California's Fire Code Update: The End of Toxic Flame Retardants?
When it comes to most regulatory issues in the United States, as California goes, so goes the nation. Usually the western state is pushing the rest of the country toward more progressive social policies or stiffer environmental regulations, but in a handful of cases California has set a more conservative tone. Its flammability standard, Technical Bulletin (TB 117), is one such case.
Since the 1970s, TB 117 has required flame retardants on everything from children’s pajamas to furniture. The California standard has functioned as a de facto national standard, resulting in extremely high concentrations of flame retardant chemicals in the American public, particularly babies and toddlers. Over the years, various flame retardants have been found to be excessively toxic for health and have been banned, only to be replaced by other harmful chemicals. In the late 1970s, for example, chlorinated Tris, a flame retardant chemical used to treat children’s pajamas, was found to be toxic and removed from children’s clothing. Recently, it turned up in furniture instead. The replacement for chlorinated Tris is a flame retardant called Firemaster 550. According to Arlene Blum, PhD, a chemist and visiting scholar at UC Berkeley, and executive director of the Green Science Policy Institute, scientists have struggled to get samples of Firemaster 550 to study.
“This chemical is very likely the number-one flame retardant used in products and we scientists cannot get samples of it to study,” Blum said on a press call this morning. “One sample was given out and Heather Stapleton was able to do one study from which it looks like it contributes to obesity and anxiety.”
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California Moves To Phase Out Harmful Chemicals
Today, California moved to address the flame retardant issue via an update to its flammability standard. The new proposed standard, TB 177-2013, would require smolder tests for fabrics, rather than open flame tests for foam, which should all but eliminate the need for flame retardants. That, according to policy makers at the Bureau of Electronic and Appliance Repair, Home Furnishings and Thermal Insulation, was the point. “As an added benefit, this regulatory proposal significantly reduces or eliminates manufacturers’ reliance on materials treated with flame retardant chemicals,” the proposed Technical Bulletin reads. “It is the Bureau’s understanding that many manufacturers, who are no longer compelled to make materials open-flame resistant, will no longer use flame retardant chemicals in their products.”
The chemical industry has continued to support the need for chemical flame retardants, despite mounting evidence from scientists and public pressure, much of which was kicked off by a Chicago Tribune investigative series last year. ”Furniture manufacturers use flame retardants to meet established fire safety standards, which help save lives,” the American Chemistry Council said in a statement about studies linking flame retardants and health impacts late last year. “Statistics show that home fires from open flame ignition sources are still a significant problem,” the statement continued. “Flame retardants can be an effective way to meet fire safety standards, and are designed to prevent fires from starting and if a fire does occur, slow its spread and provide valuable escape time. It’s important to remember that flame retardants currently in use, like all chemicals, are subject to review by the U.S. Environmental Protection Agency (EPA) and national regulators around the globe.”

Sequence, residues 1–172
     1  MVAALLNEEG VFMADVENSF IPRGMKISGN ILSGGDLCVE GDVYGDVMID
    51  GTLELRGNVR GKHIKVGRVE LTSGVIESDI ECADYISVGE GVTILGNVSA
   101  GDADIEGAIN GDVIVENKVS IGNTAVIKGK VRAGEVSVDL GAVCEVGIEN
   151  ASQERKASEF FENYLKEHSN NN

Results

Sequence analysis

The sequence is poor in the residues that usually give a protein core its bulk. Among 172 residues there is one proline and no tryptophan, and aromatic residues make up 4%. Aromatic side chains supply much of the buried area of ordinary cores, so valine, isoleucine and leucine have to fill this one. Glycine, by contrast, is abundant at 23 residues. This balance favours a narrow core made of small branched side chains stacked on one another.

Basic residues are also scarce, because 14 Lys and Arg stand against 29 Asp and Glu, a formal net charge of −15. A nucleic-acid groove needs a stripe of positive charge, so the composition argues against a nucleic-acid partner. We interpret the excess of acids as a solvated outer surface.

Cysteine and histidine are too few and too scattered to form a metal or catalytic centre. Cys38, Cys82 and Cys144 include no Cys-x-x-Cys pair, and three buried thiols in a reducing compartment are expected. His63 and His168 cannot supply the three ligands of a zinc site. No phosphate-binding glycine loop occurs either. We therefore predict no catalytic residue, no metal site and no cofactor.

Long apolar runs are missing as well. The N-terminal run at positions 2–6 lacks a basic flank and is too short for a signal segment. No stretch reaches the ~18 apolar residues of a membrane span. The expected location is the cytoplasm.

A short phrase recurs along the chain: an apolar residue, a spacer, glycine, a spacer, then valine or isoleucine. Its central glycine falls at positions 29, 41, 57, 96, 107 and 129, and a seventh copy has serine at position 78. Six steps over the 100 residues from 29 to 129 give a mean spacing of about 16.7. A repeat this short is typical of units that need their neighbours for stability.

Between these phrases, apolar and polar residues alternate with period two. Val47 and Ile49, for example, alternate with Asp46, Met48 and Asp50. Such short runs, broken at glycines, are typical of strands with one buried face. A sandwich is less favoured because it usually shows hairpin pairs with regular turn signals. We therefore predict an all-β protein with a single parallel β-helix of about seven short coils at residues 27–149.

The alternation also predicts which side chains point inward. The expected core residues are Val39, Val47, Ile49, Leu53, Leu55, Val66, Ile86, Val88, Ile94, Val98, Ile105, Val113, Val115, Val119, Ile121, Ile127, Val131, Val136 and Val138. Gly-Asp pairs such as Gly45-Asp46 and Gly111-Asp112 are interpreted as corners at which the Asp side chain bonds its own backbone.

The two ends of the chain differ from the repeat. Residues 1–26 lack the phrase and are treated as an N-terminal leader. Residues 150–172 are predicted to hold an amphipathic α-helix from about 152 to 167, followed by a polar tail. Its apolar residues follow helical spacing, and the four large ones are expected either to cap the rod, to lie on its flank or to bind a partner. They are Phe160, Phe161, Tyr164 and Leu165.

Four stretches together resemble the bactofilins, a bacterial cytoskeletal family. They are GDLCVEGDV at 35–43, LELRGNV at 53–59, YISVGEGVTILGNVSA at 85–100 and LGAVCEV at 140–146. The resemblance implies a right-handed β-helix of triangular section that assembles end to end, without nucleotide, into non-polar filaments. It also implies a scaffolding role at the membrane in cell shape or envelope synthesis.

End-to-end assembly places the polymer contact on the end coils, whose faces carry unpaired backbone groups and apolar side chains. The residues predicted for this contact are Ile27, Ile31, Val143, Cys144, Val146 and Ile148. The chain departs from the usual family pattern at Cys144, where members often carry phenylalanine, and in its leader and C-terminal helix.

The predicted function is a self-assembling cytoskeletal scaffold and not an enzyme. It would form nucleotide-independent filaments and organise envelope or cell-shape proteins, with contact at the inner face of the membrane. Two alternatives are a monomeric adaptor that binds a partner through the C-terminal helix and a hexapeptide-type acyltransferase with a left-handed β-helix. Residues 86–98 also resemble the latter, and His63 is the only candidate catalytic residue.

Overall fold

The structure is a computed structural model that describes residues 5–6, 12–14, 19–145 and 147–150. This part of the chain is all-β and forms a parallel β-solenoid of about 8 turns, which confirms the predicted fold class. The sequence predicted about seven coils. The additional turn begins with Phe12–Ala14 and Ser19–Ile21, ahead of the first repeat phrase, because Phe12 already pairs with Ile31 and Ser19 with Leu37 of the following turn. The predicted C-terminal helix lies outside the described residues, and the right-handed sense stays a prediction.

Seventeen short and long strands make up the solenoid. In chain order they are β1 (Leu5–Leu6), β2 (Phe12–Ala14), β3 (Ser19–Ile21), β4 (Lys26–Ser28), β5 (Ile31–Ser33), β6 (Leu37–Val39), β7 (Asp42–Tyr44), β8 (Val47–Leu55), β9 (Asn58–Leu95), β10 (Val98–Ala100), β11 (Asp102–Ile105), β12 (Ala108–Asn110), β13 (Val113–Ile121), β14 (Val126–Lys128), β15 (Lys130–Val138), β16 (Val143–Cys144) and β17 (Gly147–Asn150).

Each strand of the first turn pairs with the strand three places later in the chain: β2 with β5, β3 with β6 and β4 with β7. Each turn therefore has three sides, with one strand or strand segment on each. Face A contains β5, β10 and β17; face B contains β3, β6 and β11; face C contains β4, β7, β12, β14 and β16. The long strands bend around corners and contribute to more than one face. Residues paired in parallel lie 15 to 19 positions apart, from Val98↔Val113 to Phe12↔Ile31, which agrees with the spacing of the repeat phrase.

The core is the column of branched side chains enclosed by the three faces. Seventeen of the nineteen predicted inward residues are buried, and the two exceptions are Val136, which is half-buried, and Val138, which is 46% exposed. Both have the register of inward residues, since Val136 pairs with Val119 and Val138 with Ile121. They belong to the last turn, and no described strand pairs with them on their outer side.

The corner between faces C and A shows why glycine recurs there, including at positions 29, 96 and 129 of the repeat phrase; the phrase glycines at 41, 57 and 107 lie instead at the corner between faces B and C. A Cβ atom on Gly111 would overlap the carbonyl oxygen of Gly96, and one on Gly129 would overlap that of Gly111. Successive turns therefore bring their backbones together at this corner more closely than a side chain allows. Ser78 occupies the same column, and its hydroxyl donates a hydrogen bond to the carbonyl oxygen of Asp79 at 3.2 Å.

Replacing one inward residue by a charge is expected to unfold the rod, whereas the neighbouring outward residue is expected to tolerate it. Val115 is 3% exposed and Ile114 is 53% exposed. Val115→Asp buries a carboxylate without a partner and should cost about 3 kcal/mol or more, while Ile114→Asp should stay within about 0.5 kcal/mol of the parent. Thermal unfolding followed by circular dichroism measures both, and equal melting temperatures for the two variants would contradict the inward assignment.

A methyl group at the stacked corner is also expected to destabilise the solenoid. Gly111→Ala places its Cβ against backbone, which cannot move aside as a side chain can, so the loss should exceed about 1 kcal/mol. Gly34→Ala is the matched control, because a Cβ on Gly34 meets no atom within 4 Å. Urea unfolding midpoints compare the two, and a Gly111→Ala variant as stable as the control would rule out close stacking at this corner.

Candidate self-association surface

However, the Chicago Tribune series discredited most, if not all, of the experts who have supported the need for flame retardants. The paper successfully unveiled the Citizens for Fire Safety Institute, which had long advocated for flame retardants and posed as a nonprofit public interest group, as a front group funded by flame retardant manufacturers. Meanwhile scientists the U.S. Consumer Product Safety Commission have supported claims that flame retardants in household furniture aren’t effective, and may pose unnecessary health risks.
Updates to California’s standard should eliminate the need for unnecessary chemicals, and unlike many regulations aimed at reducing chemical exposure, updates to the flammability standard should actually save companies money. “Manufacturers would instead be able to purchase and use the less expensive non-flame retardant materials therefore saving in material costs,” the draft standard states.